To better understand the challenges and pleasures of caregiving for aging persons, it helps to better understand aging care receivers. As people grow older, they need to remain “bonded” to family members or close friends whenever possible. The need to bond is often greater in older women than older men because men more often substitute recreational and work related activities for interpersonal relationships. Either way, living alone without a support network is both lonely and stressful. For example, people who live alone are more likely to become substance abusers.
Family, friends, neighbors and formal care providers help aging people with illness or disability cope more effectively with these situations. Specific physical activities of daily living (ADLs) for which help may be needed include:
- bathing – sponging, and bathing in a bathtub or shower
- bowel and bladder control – including caring for a catheter or colostomy bag
- dressing – putting on all items of clothing including fasteners, braces, etc.
- eating – feeding oneself: from dishes, a feeding tube or by vein
- movement – ability to get in and out of bed, a chair or wheelchair, with or without supports such as walking canes, walkers, crutches and motorized equipment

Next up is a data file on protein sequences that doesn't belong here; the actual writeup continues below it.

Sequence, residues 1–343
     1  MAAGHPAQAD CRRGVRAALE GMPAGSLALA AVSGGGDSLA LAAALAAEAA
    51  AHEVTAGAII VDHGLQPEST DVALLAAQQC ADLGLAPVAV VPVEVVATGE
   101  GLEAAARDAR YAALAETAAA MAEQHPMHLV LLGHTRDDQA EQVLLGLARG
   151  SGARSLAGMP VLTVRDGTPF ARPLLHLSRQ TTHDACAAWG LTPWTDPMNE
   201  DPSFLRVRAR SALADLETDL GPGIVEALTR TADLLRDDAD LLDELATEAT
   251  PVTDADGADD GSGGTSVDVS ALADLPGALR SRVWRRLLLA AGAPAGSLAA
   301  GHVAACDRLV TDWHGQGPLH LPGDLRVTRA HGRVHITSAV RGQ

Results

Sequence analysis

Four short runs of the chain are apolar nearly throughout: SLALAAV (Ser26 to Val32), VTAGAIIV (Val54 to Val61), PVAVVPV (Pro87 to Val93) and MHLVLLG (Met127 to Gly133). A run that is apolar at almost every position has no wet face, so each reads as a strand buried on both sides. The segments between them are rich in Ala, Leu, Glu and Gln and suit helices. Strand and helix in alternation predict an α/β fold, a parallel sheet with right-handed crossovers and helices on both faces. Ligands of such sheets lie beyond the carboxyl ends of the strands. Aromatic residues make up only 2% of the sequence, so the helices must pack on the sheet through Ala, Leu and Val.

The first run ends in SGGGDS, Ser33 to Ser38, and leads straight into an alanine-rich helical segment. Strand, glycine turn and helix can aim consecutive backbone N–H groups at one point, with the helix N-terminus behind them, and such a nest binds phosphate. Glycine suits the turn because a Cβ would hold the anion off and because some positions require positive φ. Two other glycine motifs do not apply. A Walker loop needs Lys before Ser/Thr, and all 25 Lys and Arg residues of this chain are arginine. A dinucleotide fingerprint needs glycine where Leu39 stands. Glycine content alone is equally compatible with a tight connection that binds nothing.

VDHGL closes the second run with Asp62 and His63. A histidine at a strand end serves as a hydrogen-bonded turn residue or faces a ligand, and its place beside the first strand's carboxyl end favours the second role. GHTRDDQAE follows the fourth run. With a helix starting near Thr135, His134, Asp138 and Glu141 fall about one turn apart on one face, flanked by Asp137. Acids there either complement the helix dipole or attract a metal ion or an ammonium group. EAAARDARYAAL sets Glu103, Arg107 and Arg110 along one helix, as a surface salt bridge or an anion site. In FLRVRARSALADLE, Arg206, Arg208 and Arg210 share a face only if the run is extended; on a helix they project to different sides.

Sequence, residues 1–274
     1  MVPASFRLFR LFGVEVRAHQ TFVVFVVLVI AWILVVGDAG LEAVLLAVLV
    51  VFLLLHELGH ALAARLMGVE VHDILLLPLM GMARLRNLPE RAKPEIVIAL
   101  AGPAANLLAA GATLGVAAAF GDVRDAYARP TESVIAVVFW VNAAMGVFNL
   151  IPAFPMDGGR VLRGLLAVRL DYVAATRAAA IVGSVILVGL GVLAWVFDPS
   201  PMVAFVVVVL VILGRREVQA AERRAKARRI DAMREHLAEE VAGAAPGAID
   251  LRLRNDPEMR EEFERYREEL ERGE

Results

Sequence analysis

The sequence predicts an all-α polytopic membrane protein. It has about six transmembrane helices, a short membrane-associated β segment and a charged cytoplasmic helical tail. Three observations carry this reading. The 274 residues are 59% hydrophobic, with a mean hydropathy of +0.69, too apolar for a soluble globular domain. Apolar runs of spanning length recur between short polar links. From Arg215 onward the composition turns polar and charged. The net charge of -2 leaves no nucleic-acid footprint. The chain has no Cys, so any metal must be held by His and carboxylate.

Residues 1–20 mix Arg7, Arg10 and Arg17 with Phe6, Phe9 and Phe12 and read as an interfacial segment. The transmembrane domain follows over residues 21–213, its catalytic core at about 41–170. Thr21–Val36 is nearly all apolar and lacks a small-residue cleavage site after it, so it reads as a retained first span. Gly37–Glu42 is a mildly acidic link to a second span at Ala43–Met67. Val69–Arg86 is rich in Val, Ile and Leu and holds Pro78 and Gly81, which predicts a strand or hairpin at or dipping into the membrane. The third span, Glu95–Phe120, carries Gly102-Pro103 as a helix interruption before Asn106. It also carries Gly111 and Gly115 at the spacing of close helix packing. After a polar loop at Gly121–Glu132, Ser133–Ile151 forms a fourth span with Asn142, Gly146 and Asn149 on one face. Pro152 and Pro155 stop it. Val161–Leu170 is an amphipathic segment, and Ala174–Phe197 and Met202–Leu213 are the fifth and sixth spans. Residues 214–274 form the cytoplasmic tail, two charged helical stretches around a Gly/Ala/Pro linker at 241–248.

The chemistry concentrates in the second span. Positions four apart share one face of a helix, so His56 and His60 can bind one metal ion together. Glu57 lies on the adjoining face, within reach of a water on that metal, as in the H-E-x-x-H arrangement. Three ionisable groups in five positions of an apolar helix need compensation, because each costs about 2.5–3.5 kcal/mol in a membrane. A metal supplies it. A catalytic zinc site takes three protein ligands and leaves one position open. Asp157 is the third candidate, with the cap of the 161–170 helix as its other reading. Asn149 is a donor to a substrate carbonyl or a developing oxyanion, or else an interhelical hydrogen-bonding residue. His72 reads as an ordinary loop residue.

- toileting – getting to and using the toilet with good associated personal hygiene
The more activities an individual has difficulty with, the more likely it is that he or she needs continuous help.
Psychosocial Aspects of Receiving and Giving Care
Perhaps the most difficult parts of older persons receiving care is having to part with being independent and self-reliant, both of which are conditions aging persons have lived with all of their adult lives. As they accept their need for help, they may develop a decreased feeling of self-worth. In fact, self-reliance is so important to aging persons that it often makes it more difficult to give them the help they can benefit from. Therefore, instead of the caregiver receiving the appreciation that he or she expects, they may experience anger and a lack of appreciation from the care receiver. This may create a cycle in which the caregiver feels negatively toward the care receiver, which the care receiver can sense, and then the care receiver feels even more negatively toward the caregiver.
Although persons with high self-esteem are less willing to accept help than persons with low self-esteem, it is desirable to support the psychological needs of persons with both high and low self-esteem. Although persons with high self-esteem are often more difficult to care for, it is thought by many that their fight for independence contributes to their longevity. (For more on this subject, see our Aging Health Channel.)